The pair, who are co-chairing the talks, aim to throw their personal weight behind a process that is showing ominous signs of settling into diplomatic trench warfare.
Last night, after a second full day of talks behind closed doors at the former royal chateau at Rambouillet, there was no sign of a breakthrough.
The Serbs and the ethnic Albanians were re-iterating old demands: Belgrade wants a public statement by the Kosovo Albanians that Yugoslavia's borders will not change; the latter seek a formal ceasefire.
Both requests have crucial importance. A pledge of unchanged borders would amount to recognition that the Serbian province will not become independent. A ceasefire would constitute acknowledgement by the Serbs of the separatist Kosovo Liberation Army.
As these positions were set out once more, word came of five more killings in separate parts of the troubled province which is populated mainly by ethnic Albanians. Details of the attacks were sketchy, but the suspicion was strong that the bloodshed - like a bomb which killed three people in Kosovo's capital, Pristina, on Saturday - was aimed at derailing the Rambouillet talks.
British diplomats insisted that the decision by Mr Cook and Mr Vedrine to go back to Rambouillet did not signify that the discussions had run into major problems. They predicted that enough progress would be registered by the weekend to justify extending the talks into a second week.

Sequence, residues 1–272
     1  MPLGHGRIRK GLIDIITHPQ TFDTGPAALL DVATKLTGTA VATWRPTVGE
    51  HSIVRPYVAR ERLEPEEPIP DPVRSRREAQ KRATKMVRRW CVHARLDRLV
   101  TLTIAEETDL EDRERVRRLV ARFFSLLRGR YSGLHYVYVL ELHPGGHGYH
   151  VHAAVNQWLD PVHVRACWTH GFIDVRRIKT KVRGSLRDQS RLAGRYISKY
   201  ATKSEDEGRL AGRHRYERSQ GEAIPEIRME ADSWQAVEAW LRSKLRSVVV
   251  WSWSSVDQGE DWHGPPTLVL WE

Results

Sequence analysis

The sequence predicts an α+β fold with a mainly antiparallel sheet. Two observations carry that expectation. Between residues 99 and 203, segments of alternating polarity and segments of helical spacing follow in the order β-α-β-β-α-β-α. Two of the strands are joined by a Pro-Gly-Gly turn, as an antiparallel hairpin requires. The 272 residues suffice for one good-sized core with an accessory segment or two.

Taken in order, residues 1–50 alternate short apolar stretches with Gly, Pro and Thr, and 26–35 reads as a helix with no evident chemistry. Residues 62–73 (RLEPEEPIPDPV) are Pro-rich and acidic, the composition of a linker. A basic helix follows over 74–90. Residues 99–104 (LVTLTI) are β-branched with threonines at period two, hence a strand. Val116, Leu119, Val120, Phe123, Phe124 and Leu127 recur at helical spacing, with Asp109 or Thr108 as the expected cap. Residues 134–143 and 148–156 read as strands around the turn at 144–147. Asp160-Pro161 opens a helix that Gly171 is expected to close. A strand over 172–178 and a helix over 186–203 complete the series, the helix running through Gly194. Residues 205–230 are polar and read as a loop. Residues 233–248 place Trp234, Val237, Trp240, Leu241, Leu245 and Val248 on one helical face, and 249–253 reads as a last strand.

The Cook-Vedrine mission is likely to be followed by a visit by Madeleine Albright, United States Secretary of State, and by a ministerial meeting of the Contact Group of leading powers, to review progress.
No one is pretending that the negotiations will be anything other than fiendishly difficult. With the two sides refusing direct, face-to-face discussions, the international mediators, led by Christopher Hill, the US ambassador to Macedonia, are conducting "proximity talks", relaying positions, demands and concessions between the two delegations.
Having studied draft peace proposals drawn up by mediators, the Serbs and Albanians are now being pressed to consider key issues, including the juridical status of the province for the three years an "interim agreement' would run, and the procedures for proposed elections of a Kosovo assembly.
Earlier, a Serb official was quoted as describing the proposals for greater Kosovo autonomy as "horrifying".
Beyond that loom problems over the proposed 30,000-strong Nato peacekeeping force for Kosovo. The Serbs are opposed to such an intrusion onto its sovereign territory. But the Albanians want no less than Nato's signature on a peace deal.Reuse content